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Nominata Award: Ryan Golden shines while combining molecular biology, CRISPR technology

By Deborah Wormser

Update: Video added July 1, 2017

Ryan Golden, the recipient of the 2017 Nominata Award, says the UT Southwestern Medical Scientist Training Program (MSTP) enabled him to combine his love of research with his lifetime goal of service to others.

Ryan Golden
Ryan Golden

The Nominata is the highest honor that UT Southwestern Medical Center bestows on a student in the Graduate School of Biomedical Sciences. Mr. Golden, who worked in the laboratory of Dr. Joshua Mendell, Professor of Molecular Biology, recently presented the Nominata Lecture to an audience of faculty members and fellow graduate students.

Mr. Golden’s parents are both retired, his mother from teaching elementary school and his father from a career in law enforcement. He has one sibling, a sister who works as an accountant in Atlanta. “My family taught me the value of service to others, and medicine struck me as a rewarding path for someone interested in service and biomedical science,” he said.

His love of science came naturally as a child growing up in Dublin, Georgia. That curiosity deepened at Mercer University, where he graduated summa cum laude and worked for three years in a biochemistry laboratory. His mentor suggested he pursue a combined M.D./Ph.D. degree plan, specifically the one at UT Southwestern, Mr. Golden said. He added that he is grateful to have conducted research in the laboratory of Dr. Mendell, who also is a Howard Hughes Medical Institute Investigator at UT Southwestern.

“Ryan has demonstrated academic excellence and an exceptional level of research achievement. His accomplishments serve as an outstanding example for all graduate students at UT Southwestern,” said Graduate School Dean Dr. Andrew Zinn, in announcing the 2017 award. Dr. Zinn, Professor in the Eugene McDermott Center for Human Growth and Development and the Department of Internal Medicine, is himself an M.D./Ph.D. graduate of UT Southwestern and the 1988 Nominata recipient.

“Ryan is an extremely talented and fearless scientist who has been a joy to mentor. Ryan performed a remarkably successful genome-wide CRISPR screen to address a fundamental question in our field, how microRNA activity is regulated. By applying this approach, coupled with elegant biochemical and molecular studies of the microRNA machinery, Ryan uncovered fundamental new insights into how microRNAs efficiently downregulate target messenger RNAs,” said Dr. Mendell.

“In addition, he generously helped many other laboratories on campus use a similar approach to interrogate a broad range of biological questions. He has therefore had a major impact on the science here at UT Southwestern and outside our institution. I am extremely proud of his accomplishments,” he added.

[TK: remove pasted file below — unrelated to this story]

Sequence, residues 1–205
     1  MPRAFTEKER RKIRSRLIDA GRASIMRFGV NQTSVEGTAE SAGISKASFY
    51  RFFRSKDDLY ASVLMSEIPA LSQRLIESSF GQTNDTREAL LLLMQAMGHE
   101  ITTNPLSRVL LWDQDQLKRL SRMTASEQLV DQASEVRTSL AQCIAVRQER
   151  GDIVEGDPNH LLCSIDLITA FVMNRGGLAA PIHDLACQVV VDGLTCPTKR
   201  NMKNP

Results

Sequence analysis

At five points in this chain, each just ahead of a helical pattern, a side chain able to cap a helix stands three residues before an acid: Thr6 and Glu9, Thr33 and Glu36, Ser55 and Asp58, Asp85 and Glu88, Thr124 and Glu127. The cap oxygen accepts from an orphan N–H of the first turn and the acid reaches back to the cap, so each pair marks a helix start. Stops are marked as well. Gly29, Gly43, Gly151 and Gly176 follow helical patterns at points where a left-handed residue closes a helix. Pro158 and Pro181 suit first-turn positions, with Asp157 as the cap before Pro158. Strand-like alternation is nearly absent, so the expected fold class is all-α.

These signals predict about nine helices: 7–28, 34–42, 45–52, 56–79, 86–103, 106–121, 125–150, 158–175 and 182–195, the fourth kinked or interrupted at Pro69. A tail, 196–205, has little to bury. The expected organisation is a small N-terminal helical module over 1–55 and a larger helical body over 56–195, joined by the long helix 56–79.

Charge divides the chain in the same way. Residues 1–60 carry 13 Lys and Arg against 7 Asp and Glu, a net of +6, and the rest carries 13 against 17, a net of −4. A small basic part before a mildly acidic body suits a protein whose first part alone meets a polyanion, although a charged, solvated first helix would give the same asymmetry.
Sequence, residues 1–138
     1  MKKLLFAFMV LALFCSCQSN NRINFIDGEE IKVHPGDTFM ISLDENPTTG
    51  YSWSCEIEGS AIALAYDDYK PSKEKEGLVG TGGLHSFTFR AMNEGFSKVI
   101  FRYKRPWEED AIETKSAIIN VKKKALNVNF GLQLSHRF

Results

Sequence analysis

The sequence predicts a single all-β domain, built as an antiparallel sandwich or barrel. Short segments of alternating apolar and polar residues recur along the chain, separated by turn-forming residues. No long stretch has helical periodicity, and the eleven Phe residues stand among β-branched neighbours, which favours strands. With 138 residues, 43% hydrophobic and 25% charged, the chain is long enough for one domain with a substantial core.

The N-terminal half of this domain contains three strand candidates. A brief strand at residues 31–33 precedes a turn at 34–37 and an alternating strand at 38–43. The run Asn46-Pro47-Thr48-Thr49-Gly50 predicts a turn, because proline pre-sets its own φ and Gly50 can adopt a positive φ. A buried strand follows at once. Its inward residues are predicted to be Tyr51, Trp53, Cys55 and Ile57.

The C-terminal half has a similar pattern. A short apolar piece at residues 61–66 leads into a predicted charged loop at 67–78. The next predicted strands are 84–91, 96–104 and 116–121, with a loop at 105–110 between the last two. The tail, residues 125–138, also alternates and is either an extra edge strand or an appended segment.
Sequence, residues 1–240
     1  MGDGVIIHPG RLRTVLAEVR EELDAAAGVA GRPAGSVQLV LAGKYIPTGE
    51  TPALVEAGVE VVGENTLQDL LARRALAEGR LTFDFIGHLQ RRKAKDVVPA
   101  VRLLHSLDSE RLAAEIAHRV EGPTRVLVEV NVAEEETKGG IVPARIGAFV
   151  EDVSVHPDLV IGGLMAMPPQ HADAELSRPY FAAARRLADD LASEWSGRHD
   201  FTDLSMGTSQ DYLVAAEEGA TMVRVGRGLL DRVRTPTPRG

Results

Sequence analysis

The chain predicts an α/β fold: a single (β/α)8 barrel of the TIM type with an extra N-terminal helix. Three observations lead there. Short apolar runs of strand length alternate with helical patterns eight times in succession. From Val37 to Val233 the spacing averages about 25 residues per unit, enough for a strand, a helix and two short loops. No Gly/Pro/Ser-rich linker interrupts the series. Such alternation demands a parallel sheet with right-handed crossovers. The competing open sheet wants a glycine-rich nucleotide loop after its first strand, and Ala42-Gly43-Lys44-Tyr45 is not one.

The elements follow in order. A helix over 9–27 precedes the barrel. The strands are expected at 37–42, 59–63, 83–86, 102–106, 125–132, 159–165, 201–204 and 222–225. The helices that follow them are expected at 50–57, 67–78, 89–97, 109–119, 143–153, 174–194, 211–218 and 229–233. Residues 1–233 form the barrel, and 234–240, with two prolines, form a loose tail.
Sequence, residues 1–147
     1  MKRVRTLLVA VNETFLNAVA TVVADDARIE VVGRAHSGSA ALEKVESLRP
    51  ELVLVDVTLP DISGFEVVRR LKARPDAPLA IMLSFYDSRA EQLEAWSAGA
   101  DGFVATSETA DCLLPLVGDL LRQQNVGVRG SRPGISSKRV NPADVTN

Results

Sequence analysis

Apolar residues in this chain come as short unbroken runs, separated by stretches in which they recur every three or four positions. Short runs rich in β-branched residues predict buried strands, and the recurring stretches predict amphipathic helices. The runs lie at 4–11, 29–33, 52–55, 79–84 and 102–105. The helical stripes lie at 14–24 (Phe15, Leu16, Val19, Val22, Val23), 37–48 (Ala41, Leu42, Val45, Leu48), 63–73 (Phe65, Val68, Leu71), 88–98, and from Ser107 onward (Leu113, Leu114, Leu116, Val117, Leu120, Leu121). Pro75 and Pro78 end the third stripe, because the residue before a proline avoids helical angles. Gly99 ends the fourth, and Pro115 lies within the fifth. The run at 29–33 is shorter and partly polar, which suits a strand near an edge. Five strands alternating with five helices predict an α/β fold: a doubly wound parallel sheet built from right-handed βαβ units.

The Nominata Award, created by the Graduate Student Organization in 1980 to recognize academic excellence and research achievement among the advanced graduate students, includes a $2,000 monetary prize, a gift certificate, and the honor of presenting in the University Lecture Series.

Mr. Golden said, “I feel incredibly honored to receive this award and grateful that the selection committee has given me the opportunity to share my research at the prestigious University Lecture Series. I am thankful to Dr. Mendell, my lab, our collaborators, and the many mentors and peers who have supported me.”

He was in his third year in the lab when other groups reported successful genome-scale screening methods using gene editing powered by CRISPR. With Dr. Mendell’s support, Mr. Golden developed a novel strategy for identifying regulators of the microRNA pathway using these newly developed CRISPR tools.

As a result, Mr. Golden became lead author of a study recently published in the journal Nature that identified a new mechanism that choreographs how microRNAs find and couple with messenger RNAs.

The microRNA pathway is critically important to health and disease, serving as a kind of volume control for genes, dialing down the expression of specific proteins, said Dr. Mendell. MicroRNAs play important roles in heart disease and can inhibit or accelerate cancer, he added.

Mr. Golden, an eighth-year STP student, is now completing his third-year Medical School clinical clerkships. He is strongly considering combined clinical and research training with the ultimate goal of leading a research team devoted to increasing the fundamental understanding of disease and developing novel therapies.

His favorite extracurricular activity at UT Southwestern has been teaching high school students through the STARS (Science Teacher Access to Resources at Southwestern) program. “Younger students have so much curiosity and creativity, and it is refreshing to see how they process scientific concepts,” he said.

Off campus, he enjoys swing dancing. “The Dallas swing dancing community is surprisingly lively, and I spent a couple years taking classes. It has been a rich source of fun and friendship,” he said.

One lasting memory of his time in the laboratory is the experience of being on a coordinated team.

“Rapid progress in science depends upon good teamwork. It was a remarkable experience to be a member of a skilled and committed interdisciplinary research team,” he said.

In addition, Ho Yee Joyce Fung of the Molecular Biophysics Graduate Program and Liem Nguyen of the Cancer Biology Graduate Program are recipients of a Dean’s Discretionary Award, which reflects their notable research accomplishments and extraordinary ability to communicate their science outside of their field.

Dr. Mendell is a CPRIT Scholar in Cancer Research.

Dr. Zinn holds the Rolf Haberecht and Ute Schwarz Haberecht Deanship of the UT Southwestern Graduate School of Biomedical Sciences.